There is something eerie about seeing a sailboat gybing, tacking, and reaching with no humans aboard. It is a vision which conjures up centuries of nautical lore, as in Coleridge's spectre bark or the doomed Flying Dutchman. Burden contributed to the mystery of Ghost Ship when he stated that "it's still symbolically some sort of escape vehicle."

Metropolis II:

Chris Burden, Metropolis II, 2006 ff, LACMA, Los Angeles, California

Chris Burden, Metropolis II, 2006 ff, detail,  LACMA, Los Angeles, California

Chris Burden, Metropolis II, 2006 ff, detail, LACMA, Los Angeles, California

Metropolis II is a model city consisting of railway lines and multiple levels of freeways, one of which is six lanes wide, which enwrap, straddle and weave through its skyscrapers and smaller-scaled buildings.

Even though Burden had made an earlier, simpler Metropolis--therefore naming this one Metropolis II--it's hard to imagine that he wasn't also influenced to some extent by Fritz Lang's iconic, dystopian movie, Metropolis, of 1927.  Here, too, we encounter an urban fabric of skyscrapers, elevated train lines and soaring freeways. But in Lang's film, this superstructure masks a dark world of class repression.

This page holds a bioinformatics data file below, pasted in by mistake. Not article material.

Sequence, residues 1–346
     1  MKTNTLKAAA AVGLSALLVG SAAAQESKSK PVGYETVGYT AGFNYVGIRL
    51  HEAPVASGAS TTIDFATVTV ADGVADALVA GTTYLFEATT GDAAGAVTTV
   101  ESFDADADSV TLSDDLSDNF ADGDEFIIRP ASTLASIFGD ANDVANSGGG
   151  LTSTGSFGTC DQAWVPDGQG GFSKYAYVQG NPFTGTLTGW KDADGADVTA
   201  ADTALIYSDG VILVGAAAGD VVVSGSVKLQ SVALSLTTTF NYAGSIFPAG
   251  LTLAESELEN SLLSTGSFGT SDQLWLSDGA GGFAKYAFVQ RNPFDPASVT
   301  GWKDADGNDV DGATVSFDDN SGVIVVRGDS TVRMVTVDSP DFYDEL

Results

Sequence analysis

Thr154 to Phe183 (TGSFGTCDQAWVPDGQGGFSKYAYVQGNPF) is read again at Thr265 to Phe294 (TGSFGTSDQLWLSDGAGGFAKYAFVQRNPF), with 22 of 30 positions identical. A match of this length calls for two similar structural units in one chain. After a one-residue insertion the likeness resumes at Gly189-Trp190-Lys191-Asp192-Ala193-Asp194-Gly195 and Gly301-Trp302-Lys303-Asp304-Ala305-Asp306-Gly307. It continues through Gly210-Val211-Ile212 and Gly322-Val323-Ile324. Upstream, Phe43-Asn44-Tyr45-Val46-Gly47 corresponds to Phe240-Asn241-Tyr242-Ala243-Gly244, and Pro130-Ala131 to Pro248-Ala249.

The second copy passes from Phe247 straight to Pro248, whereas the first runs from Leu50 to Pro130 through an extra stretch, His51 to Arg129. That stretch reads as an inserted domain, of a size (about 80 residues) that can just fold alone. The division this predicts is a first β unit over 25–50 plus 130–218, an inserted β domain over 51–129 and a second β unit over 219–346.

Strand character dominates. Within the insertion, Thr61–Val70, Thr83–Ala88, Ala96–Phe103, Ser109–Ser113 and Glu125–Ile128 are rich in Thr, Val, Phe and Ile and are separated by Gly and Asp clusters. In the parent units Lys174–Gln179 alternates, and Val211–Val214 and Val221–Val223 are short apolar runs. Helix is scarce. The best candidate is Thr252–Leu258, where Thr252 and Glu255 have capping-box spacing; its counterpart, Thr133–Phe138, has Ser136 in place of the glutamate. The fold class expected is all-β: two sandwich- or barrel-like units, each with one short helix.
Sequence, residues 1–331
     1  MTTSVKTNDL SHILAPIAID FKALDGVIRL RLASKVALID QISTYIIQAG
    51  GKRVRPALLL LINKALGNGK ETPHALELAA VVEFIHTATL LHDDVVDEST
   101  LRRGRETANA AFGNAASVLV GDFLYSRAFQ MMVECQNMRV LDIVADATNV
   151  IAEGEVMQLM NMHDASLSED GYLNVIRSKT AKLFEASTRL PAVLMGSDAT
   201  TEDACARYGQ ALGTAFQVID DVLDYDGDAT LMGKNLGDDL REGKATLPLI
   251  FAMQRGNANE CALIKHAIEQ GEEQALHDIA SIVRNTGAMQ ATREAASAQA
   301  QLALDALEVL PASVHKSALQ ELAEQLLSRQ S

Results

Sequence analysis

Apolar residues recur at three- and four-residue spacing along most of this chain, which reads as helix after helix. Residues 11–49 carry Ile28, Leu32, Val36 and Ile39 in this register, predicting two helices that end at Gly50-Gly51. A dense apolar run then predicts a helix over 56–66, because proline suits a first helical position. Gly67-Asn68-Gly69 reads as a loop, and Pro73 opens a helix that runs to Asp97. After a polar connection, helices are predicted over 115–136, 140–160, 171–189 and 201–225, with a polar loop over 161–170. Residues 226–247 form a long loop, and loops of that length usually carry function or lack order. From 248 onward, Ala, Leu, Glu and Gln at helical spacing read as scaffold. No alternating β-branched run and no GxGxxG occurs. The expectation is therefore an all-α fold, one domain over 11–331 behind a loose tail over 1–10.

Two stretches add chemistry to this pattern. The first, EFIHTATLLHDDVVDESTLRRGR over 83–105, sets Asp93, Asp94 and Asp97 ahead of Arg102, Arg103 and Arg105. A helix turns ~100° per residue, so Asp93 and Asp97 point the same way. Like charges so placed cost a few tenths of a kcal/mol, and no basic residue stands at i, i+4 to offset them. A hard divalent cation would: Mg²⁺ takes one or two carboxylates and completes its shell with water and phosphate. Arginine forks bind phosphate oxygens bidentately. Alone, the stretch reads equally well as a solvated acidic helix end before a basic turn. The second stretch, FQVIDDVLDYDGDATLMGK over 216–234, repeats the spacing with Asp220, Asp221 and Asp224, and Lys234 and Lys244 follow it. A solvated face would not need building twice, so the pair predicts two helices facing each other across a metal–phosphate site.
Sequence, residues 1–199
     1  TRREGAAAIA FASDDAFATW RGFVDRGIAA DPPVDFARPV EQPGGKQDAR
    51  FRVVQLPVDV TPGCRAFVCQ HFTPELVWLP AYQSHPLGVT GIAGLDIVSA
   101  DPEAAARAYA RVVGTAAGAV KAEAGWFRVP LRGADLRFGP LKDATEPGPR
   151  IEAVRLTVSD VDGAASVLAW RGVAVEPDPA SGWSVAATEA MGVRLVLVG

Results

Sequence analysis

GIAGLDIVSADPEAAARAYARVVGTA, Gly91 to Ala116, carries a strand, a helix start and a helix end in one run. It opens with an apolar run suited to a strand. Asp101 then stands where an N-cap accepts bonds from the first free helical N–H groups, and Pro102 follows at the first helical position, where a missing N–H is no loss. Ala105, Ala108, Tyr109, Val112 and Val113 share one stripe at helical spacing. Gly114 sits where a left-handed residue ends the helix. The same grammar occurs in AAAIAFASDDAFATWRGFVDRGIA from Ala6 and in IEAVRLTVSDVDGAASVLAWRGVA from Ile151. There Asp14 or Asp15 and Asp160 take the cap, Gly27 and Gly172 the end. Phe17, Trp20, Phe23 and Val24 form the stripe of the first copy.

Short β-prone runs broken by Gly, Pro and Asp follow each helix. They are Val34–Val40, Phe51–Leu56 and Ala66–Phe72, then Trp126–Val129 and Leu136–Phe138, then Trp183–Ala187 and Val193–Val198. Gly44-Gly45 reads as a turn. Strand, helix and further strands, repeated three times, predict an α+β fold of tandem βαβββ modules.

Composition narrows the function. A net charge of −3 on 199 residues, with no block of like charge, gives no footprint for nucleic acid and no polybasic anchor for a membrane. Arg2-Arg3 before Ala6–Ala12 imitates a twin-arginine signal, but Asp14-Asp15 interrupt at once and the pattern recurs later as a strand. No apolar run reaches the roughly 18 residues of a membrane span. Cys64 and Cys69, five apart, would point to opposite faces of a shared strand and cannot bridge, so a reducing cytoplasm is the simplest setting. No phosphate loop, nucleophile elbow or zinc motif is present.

Burden's sculptural installation, in contrast, is a paean to speed and modern technology.

Metropolis II employs 1,100 Hot Wheels cars which travel on 18 roadways. Set in motion, as Burden once noted, they "are going a scale speed of 230 mph." Given the regular traffic tie-ups in Los Angeles, "that'd be great to do for real in L.A.," he added. 

Burden also saw Metropolis II as a prototype for a time when we no longer control our cars, and so they can drive faster as well as be safer. That time may not be so distant, as a New Yorker article of November, 2013 suggests in its sub-title: "Has the self-driving car at last arrived?"

Regrettably, I did not visit LACMA on a Friday-Sunday, when Metropolis II is turned on and the hot wheels are set in motion. Go to this link for the exact times.  However, here are two links to YouTube videos: "Metropolis II...the Movie" (5:41) and "Giant Hot Wheels Sculpture" (3:37).

Urban Light: